In India, when somebody is reading an ordinary book it is called “reading”; but whenever somebody is reading the Gita we have a special term for it: we call it path. Literally translated it will mean “lesson.” Ordinary reading is just reading – mechanical; but when you read so deeply absorbed in it that the very reading becomes a lesson, then the very reading goes deep in your being and is not only part of your memory now but has become part of your being. You have absorbed it, you are drunk with it. You don’t carry the message in so many words, but you have the essence in you. The very essential has moved into your being. We call it “path.”
In reading a book, once you have read it the book is finished. To read it twice will be meaningless; thrice will be simply foolish. But in path you have to read the same book every day. There are people who have been reading their Gita every day for years – fifty, sixty years – their whole life. Now it is not reading because it is not a question of knowing what is written in it; they know, they have read it thousands of times. Then what are they doing? They are bringing their consciousness again and again to the same tuning, as if Krishna is alive before them, or Jesus is alive before them. They are no longer reading a book – they have transformed themselves into a different space, in a different time, in a different world.
Read the Gita, sing it, dance with it, and allow it as much as possible to go withinwards. Soon words are left behind but the music goes deeper. Then even that music is left behind – only the rhythm resounds. And then even that is gone. All the nonessential is gone, only the essential…and that essential is inexpressible. It cannot be said – one has to experience it.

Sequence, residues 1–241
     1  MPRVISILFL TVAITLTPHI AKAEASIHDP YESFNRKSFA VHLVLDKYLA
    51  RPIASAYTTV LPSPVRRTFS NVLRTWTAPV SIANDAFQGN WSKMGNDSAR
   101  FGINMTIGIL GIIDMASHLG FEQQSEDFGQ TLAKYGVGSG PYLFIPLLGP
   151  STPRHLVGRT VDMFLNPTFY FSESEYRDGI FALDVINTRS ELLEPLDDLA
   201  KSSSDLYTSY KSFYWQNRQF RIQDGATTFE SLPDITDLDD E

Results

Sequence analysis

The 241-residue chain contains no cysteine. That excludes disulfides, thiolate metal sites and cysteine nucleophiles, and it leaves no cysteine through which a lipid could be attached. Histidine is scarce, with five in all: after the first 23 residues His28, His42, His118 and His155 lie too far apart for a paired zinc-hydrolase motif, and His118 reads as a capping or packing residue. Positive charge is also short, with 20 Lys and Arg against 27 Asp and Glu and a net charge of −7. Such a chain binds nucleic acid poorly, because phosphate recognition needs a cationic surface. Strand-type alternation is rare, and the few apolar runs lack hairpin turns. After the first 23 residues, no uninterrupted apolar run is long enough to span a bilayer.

So if you read, it depends on you whether reading is going to help you become free, or whether reading is going to make you a greater slave. Whether it is going to become a freedom or an imprisonment, it depends on you.
A music teacher took her class to a concert in the hope of further developing their musical appreciation. After the program she took them out to eat and they had cakes, ice cream and other goodies.
Just as they were ready to go home, the teacher asked the youngest of them, “Well, did you enjoy the concert?”
“Oh yes,” he replied happily, “all except the music.”
If you read the Gita or The Bible only from the head, you will be enjoying everything else except the music; and the music is the real thing. That’s why we have called it Bhagavadgita– the song of the divine. The whole thing is in the innermost coherence of it. It is poetry, it is not prose. And poetry has to be understood in a totally different way from prose.
Prose is logical, poetry is illogical. Prose is linear, it moves in a straight line. Poetry is not linear, it is circular, it moves in circles. Prose is for ordinary things and ordinary experiences. There are experiences which cannot be expressed in prose. Those experiences need poetry. Poetry means a more liquid form. Poetry means a more singing, dancing, celebrating form. All great scriptures are poetry; even if they are written in prose they are poetry. Poetry can be written in prose and prose can be written in poetry. So it is not a question only of linguistic form – it is a question of its very essence.